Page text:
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Sound quality

This is one of the most interesting small speakers I have come across in a long time. The Navis ARB-51 is more than a chintzy ‘lifestyle’ product that looks good in a fancy apartment, it’s actually a great little hi-fi speaker that has shrunk in the wash. Indeed,

I’ll go further by saying it’s a great advert for active loudspeakers per se.

Whether feeding this little speaker digital or analogue, it really sings.

It’s innately musical and relishes ►

rhythm-based music like Manix’s Living In The Past. This is high-paced, punchy techno with hyperactive sub-bass, and the ELAC dives into the mix head first. It shows unexpectedly good bass extension for its size, and is rather disconcerting in the way that it seems able to live and breathe totally independently of the very busy midband with its frenzied snare drum fills and keyboard-driven breaks.

The way it is able to communicate such a dizzying amount of detail and yet hold on to a thunderous bass line is quite a revelation – I suspect being both active and a true three-way is key to this. It certainly comes into its own with Randy Crawford’s You Might Need Somebody. This is a thumping late-seventies soul ballad with some fantastic session playing by some of the best in the business. Here the ELAC’s subtlety comes into play and it’s able to drill down right into the spaces between the notes and show the players’ superb syncopation. Crawford’s powerful vocals dance around the slick rhythm, bass guitar work and laid back Fender Rhodes playing, and the result is magic. Once again, I find myself forgetting that I’m listening to a pretty diminutive cabinet, and an inexpensive one considering the price includes power amplification.

Throw some heavily compressed indie guitar pop at it – in the shape of Ride’s early nineties Twisterella – and it remains undaunted. I can push it to surprisingly high levels in my mid-sized listening room before any fatigue sets in. Not only is it very nicely balanced tonally, it doesn’t fall apart when you hit the loud pedal. This track is awash with layer after layer of guitars, with closely miked vocals on top – and the speaker keeps on punching out the music in a dynamic, seat-of-the-pants way. It also retains its composure enough to carry the backing vocals in a satisfyingly clean and clear way, too.

The concentric tweeter/mid-driver gives a point-source and it feels like all the music arrives at the listener at the same time. This is great spatially; the stereo image is permanently in focus and there’s a sense that you can move around your listening room and

Feeding the little Navis ARB-51 either a digital or analogue signal it really sings

still get a good impression of the original recorded acoustic. Simon and Garfunkel’s America is carried in all its expansive, sixties stereo mixed glory – with acoustic guitar far stage left and drums far right. The ELAC really revels in being able to do its ‘out-of- the-box’ trick, sounding so much bigger than you’d expect considering the size of its cabinet.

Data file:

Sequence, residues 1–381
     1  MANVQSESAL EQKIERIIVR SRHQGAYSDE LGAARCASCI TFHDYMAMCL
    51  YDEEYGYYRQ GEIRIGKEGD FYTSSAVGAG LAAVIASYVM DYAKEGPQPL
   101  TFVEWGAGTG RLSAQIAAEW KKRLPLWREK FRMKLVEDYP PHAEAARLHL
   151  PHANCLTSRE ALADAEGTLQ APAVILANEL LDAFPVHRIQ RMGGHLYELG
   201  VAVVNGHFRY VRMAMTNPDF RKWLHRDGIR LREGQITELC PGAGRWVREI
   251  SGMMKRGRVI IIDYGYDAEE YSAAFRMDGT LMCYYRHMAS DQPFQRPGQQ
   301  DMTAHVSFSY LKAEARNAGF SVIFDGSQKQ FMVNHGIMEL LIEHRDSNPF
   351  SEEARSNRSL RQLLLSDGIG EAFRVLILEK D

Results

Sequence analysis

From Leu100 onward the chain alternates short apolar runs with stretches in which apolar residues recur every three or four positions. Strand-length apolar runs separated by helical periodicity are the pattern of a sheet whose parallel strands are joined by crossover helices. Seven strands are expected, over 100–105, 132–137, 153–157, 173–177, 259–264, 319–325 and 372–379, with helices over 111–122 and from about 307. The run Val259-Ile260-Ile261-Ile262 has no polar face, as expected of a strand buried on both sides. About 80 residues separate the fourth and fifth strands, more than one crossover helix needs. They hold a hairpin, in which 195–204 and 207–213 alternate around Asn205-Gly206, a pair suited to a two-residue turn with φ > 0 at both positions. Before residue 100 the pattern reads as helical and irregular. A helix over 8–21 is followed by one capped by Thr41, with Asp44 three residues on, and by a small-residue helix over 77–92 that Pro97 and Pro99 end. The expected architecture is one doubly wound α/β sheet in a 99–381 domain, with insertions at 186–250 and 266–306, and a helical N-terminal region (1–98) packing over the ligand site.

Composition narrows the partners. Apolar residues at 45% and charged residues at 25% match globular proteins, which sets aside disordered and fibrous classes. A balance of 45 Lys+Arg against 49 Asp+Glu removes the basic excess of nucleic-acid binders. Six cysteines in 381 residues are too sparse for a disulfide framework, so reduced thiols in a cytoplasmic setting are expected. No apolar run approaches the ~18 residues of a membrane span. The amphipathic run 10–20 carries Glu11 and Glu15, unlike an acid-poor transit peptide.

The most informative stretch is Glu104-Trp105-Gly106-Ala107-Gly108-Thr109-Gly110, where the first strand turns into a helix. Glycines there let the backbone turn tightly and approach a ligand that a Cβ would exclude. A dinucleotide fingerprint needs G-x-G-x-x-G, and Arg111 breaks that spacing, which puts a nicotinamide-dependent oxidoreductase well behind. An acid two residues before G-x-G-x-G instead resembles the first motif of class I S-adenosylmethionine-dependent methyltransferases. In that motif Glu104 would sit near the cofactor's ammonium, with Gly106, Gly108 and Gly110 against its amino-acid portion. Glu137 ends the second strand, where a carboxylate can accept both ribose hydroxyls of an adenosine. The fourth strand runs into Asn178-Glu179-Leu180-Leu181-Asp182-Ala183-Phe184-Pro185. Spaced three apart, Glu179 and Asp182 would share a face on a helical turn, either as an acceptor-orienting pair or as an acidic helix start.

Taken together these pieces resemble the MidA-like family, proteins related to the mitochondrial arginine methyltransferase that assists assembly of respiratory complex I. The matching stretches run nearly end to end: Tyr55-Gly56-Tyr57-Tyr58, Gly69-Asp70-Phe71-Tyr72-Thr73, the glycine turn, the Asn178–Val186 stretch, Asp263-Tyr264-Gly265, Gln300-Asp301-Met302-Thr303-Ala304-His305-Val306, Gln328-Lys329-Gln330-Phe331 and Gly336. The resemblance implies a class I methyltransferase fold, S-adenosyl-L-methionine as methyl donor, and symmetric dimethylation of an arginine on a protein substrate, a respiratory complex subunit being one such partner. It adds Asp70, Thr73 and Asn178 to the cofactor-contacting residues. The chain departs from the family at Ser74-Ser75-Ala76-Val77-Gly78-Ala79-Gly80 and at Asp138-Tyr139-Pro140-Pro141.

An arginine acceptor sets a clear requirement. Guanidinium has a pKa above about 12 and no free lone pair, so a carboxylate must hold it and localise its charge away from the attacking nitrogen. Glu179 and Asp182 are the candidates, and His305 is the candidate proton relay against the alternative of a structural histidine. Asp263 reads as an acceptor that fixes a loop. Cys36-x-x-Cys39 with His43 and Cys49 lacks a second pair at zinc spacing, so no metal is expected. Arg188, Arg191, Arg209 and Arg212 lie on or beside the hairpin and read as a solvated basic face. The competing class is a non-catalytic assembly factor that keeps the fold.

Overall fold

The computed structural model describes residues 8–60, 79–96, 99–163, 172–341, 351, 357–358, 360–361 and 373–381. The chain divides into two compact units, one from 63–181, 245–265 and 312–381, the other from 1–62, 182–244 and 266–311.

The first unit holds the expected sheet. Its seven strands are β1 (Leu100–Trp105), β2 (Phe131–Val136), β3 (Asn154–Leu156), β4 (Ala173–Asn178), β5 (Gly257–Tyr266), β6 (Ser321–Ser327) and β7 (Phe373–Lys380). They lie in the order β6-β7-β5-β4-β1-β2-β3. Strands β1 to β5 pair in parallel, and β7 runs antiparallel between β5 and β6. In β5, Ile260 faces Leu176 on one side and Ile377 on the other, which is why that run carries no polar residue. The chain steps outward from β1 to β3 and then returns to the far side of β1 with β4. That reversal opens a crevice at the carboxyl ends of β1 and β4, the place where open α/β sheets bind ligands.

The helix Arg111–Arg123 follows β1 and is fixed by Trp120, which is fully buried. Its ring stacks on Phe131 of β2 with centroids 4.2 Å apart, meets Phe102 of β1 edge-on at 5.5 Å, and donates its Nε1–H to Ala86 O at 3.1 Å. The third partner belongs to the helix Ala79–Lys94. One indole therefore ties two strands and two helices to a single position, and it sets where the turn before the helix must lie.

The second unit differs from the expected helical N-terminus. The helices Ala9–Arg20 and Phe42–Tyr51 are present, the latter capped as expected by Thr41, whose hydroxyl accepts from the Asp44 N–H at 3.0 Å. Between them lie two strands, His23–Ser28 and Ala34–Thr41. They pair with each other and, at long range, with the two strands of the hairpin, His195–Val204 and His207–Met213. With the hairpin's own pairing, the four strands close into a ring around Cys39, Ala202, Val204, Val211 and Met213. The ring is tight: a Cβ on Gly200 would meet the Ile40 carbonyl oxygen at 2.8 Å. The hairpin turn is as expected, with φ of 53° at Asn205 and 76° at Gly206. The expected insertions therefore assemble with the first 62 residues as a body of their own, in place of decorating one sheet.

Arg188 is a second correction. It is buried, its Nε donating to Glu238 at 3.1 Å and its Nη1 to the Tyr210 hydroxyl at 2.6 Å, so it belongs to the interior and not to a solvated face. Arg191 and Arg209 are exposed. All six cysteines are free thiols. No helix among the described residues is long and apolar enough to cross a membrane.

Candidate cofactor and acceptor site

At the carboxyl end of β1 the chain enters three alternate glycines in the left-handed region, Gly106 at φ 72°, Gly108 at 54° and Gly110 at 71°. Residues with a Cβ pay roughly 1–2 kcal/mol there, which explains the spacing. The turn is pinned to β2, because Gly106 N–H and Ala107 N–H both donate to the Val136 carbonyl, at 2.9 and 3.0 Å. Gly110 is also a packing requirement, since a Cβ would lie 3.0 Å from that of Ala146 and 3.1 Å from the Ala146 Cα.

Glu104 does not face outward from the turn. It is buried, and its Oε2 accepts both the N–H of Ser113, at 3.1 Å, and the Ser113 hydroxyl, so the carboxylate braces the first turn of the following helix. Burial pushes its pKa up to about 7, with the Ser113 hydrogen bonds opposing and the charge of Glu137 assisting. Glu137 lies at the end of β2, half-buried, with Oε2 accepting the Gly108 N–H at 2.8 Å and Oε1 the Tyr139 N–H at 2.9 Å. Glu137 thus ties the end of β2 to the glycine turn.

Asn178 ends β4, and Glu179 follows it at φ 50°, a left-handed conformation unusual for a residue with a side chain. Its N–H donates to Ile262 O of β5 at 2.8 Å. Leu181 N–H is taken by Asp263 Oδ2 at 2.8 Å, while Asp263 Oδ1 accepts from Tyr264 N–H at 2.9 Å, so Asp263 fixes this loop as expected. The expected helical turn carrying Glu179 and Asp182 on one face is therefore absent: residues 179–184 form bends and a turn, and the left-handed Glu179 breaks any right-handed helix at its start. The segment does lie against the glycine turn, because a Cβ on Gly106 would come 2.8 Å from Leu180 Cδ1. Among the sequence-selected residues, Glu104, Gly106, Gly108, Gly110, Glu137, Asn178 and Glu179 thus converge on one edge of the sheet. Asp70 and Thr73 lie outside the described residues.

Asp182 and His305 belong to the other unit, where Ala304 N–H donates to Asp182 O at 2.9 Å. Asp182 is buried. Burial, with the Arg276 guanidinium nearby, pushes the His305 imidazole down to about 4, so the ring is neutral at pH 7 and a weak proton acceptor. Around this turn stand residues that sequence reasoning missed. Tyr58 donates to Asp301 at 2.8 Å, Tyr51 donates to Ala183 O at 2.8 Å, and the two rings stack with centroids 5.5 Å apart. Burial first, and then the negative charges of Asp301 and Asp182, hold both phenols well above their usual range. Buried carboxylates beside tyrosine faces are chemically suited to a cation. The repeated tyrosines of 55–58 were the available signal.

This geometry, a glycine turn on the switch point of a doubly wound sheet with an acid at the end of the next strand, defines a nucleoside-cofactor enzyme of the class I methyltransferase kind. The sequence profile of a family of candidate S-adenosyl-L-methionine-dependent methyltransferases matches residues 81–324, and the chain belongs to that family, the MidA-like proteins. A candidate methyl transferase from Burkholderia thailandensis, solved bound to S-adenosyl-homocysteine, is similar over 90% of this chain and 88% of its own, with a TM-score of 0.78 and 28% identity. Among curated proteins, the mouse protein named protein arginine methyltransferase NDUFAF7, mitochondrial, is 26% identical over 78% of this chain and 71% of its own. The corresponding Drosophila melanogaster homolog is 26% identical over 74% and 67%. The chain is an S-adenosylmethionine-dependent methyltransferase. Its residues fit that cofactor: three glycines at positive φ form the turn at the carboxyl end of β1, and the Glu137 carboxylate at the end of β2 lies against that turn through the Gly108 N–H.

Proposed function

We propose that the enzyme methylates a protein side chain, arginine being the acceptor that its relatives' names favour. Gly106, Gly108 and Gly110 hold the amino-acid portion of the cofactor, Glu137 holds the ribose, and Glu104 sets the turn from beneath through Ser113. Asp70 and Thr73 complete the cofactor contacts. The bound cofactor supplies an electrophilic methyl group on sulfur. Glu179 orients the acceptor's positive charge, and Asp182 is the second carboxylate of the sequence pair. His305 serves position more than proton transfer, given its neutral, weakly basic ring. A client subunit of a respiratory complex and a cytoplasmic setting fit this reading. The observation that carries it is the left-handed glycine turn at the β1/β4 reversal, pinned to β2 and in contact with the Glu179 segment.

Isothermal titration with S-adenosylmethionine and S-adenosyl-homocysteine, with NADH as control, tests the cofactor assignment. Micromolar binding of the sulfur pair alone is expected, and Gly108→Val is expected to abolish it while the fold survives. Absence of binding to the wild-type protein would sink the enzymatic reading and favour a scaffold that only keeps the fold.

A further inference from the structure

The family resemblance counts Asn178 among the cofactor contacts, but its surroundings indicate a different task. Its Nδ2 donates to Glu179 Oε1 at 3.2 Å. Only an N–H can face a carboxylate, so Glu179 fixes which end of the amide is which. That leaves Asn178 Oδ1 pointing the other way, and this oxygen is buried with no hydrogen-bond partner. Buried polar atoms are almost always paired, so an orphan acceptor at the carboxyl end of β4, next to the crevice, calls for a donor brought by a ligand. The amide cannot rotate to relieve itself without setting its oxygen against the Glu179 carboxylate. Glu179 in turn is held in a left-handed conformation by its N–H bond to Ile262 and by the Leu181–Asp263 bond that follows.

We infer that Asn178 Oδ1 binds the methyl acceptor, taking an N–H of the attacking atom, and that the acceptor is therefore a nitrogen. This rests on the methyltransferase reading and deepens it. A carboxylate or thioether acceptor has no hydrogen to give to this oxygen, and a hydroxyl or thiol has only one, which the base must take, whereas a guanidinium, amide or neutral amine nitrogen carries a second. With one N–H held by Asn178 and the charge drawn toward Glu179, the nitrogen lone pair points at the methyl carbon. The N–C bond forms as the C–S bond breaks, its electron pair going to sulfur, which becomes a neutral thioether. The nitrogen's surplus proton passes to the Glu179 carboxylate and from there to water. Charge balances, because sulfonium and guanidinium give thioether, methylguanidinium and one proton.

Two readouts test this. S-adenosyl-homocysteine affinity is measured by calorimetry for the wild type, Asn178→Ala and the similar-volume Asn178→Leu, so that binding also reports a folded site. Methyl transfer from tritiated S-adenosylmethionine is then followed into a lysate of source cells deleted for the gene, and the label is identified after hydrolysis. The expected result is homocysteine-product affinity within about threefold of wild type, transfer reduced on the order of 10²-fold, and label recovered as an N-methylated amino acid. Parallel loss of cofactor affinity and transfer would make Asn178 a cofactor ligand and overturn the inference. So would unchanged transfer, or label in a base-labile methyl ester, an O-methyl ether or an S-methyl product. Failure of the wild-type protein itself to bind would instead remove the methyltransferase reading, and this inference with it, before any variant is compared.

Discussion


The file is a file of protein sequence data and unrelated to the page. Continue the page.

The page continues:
Any complaints? Well, the treble doesn’t quite have the finesse of a more high-end speaker. The cymbals of Supergrass’ Sun Hits The Sky are crisp and clean, if a little lacking in delicacy and silkiness. Via the wireless module the sound is impressive too and the speaker’s engaging sound

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IN SIGHT

1 Concentric 25mm tweeter/ 100mm midrange

2 Reflex bass port

3 RCA and XLR inputs

4 130mm bass driver

remains intact, although analogue operation is my preferred option.

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Conclusion

There are lifestyle speakers with hi-fi pretensions, and hi-fi speakers with lifestyle aspirations – and the Navis ARB-51 is very much the latter. It’s a great little active box that punches way above its weight, and also has the option of fine-sounding wireless connectivity. If music comes first for you, but you absolutely must have a compact standmount for domestic reasons, this is a great new option

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HOW IT COMPARES

It’s almost as if the ELAC Navis ARB-51 was designed to compete head-on with KEF’s LS50 Wireless active speaker system (HFC 433). The KEF is easier to use than the ELAC, yet it can’t match its three-way drive unit design. The Navis ARB-51 sounds less compressed and more open and transparent. While the KEF has a truly wonderful sound, it doesn’t offer quite the same level of clarity or dynamics.

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OUR VERDICT

10 Total Score
Elac Navis ARB-51 Review

Superb yet affordable compact active speaker system

PROS
  • Immediacy
  • energy
  • power and punch
CONS
  • Occasionally flaky wireless connectivity